“The CAFC denied mandamus relief because the court said Realtek had failed to prove that it has no other means of obtaining relief from either the ITC or, after final determination there, from the CAFC on appeal.”
The U.S. Court of Appeals for the Federal Circuit (CAFC) today denied a petition for writ of mandamus filed by Realtek Semiconductor Corporation seeking to direct the International Trade Commission (ITC) to vacate its ruling granting Advanced Micro Devices, Inc. (AMD)’s motion to strike Realtek’s witness from testifying at an upcoming evidentiary hearing.
The petition stems from ITC investigation No. 337-TA-1350, which Realtek initiated in December 2022, alleging that the importation of certain AMD chips infringes Realtek’s patents in violation of Section 337 of the Tariff Act of 1930. The patents at issue are U.S. Patent No. 7,936,245 (“the ’245 patent”); U.S. Patent No. 8,006,218 (“the ’218 patent”); and U.S. Patent No. 9,590,582 (“the ’582 patent”). AMD is arguing that the licensing activities Realtek is relying on to meet the domestic industry requirement are not covered under the relevant license agreement and do not establish a domestic industry related to the articles protected by the patents at issue. The ALJ denied AMD’s motion for summary determination on that point and an evidentiary hearing is scheduled for October 16, 2023.
Realtek outside counsel Steven S. Baik of White Hat Legal was called as a witness for the hearing because he helped to negotiate the 2015 licensing deal in question. AMD moved to strike Baik as a witness in June 2023 and the ITC administrative law judge (ALJ) granted the motion, “reasoning in part that Realtek would not be unduly prejudiced,” according to the CAFC order. However, Realtek petitioned for mandamus following the ALJ’s refusal to reconsider that decision, arguing that the counsel who moved to strike Baik is currently representing Baik in other litigation “and should have been disqualified from filing that motion based on a conflict of interest arising out of that alleged representation.”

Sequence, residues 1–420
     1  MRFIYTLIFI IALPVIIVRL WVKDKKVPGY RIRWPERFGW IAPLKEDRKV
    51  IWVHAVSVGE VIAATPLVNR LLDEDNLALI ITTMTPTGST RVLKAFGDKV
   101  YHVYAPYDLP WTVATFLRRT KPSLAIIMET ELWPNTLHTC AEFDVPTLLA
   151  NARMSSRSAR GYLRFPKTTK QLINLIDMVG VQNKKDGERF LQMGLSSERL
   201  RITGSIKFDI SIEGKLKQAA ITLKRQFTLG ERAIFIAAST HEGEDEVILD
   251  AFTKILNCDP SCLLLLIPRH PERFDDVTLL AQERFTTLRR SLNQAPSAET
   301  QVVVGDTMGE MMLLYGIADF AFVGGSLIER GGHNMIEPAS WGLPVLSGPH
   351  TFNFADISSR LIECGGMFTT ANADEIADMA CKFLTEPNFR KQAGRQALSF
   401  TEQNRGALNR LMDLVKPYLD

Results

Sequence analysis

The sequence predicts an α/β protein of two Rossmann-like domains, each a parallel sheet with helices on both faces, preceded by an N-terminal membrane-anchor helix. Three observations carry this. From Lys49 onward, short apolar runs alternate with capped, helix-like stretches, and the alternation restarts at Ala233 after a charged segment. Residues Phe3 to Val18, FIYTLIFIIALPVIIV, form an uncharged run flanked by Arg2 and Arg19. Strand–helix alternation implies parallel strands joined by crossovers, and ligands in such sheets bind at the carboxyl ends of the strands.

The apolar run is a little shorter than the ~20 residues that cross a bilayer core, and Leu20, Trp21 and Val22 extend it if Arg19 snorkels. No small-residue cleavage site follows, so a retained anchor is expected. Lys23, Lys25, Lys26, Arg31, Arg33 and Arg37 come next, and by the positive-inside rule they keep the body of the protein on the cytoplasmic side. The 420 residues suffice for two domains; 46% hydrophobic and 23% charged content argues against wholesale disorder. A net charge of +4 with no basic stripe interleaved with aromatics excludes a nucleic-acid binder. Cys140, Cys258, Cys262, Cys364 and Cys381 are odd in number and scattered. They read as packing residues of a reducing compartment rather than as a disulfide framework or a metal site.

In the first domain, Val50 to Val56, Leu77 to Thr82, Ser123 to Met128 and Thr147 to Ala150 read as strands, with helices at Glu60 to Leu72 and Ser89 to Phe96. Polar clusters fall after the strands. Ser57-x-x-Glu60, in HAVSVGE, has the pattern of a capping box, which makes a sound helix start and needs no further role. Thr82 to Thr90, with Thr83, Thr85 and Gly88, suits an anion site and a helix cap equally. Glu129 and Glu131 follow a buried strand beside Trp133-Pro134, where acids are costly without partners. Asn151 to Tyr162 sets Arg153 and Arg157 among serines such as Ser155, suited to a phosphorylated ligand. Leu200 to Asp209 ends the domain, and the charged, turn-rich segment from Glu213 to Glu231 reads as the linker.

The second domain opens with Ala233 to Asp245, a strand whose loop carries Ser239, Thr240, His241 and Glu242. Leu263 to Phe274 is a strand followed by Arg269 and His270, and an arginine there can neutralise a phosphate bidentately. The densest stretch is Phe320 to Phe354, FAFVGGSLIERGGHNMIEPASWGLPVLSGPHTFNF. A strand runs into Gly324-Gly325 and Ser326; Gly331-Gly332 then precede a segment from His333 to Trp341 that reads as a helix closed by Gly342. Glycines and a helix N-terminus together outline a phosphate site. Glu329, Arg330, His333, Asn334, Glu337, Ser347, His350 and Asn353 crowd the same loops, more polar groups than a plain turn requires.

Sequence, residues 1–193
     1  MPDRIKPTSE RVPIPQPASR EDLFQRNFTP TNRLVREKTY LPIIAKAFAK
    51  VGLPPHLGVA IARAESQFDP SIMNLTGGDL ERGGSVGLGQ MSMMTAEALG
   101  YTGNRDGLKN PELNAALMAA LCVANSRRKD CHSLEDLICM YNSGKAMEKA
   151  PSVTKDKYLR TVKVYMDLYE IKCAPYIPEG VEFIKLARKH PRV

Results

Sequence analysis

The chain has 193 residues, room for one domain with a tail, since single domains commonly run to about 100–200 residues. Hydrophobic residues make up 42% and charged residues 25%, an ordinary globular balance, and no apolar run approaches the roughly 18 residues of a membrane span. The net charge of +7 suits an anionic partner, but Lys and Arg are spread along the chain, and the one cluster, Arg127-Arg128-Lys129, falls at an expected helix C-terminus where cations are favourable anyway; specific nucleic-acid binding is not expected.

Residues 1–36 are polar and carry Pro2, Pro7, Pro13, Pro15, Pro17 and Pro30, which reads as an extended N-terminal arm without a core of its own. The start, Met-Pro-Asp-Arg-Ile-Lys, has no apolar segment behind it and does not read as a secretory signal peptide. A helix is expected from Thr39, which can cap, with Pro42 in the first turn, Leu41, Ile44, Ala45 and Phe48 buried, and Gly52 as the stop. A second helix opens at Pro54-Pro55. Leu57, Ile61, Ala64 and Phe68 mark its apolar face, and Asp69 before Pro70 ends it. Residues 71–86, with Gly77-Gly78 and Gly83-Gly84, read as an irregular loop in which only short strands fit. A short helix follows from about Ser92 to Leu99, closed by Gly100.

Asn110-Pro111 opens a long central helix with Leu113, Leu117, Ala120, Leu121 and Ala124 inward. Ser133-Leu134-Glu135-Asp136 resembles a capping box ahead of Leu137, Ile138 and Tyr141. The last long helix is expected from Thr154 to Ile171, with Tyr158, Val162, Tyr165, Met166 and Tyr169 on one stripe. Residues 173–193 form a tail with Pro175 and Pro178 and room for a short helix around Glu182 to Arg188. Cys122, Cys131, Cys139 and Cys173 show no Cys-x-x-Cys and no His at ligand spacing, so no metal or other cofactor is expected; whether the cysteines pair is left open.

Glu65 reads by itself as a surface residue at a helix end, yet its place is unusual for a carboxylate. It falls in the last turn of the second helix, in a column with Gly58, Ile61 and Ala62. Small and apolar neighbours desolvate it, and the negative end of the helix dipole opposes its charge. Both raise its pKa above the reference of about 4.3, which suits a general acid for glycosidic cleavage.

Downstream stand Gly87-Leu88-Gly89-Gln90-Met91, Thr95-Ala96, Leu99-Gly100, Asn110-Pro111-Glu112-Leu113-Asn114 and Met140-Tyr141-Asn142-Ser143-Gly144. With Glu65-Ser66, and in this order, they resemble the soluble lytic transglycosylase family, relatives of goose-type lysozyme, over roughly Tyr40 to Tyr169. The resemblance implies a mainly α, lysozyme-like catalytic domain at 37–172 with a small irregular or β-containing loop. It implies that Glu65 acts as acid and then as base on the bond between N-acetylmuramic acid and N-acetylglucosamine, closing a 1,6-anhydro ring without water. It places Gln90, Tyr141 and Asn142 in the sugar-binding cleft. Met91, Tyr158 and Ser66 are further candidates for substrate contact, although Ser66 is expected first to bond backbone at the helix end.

The CAFC denied mandamus relief because the court said Realtek had failed to prove that it has no other means of obtaining relief from either the ITC or, after final determination there, from the CAFC on appeal, since an order refusing to disqualify counsel is reviewable on appeal after final judgment. The court also said Realtek failed to show “a clear and indisputable right to disqualification under the circumstances presented,” since the relevant American Bar Association rule refers to a disqualifying conflict potentially arising “when a lawyer is required to cross-examine a client who appears as a witness in a lawsuit involving another client”—a situation that never actually occurred in this case.
Realtek and AMD are also engaged in another investigation at the ITC in which ALJ Judge Cameron Elliot issued a Notice of Initial Determination (ID) in July in favor of AMD. The products at issue there are “Certain Graphics Systems, Components Thereof, and Digital Televisions Containing the Same.” Judge Elliot found in the ID that claims of U.S. Patent No. 7,742, 053, while valid, were not infringed, but claims of another AMD patent—U.S. Patent No. 8,854,381—were found to be both infringed and valid, and recommended the Commission issue a limited exclusion order against the infringing products. That determination also led to the ITC issuing a call for public comments on the public interest impact of such an import ban.
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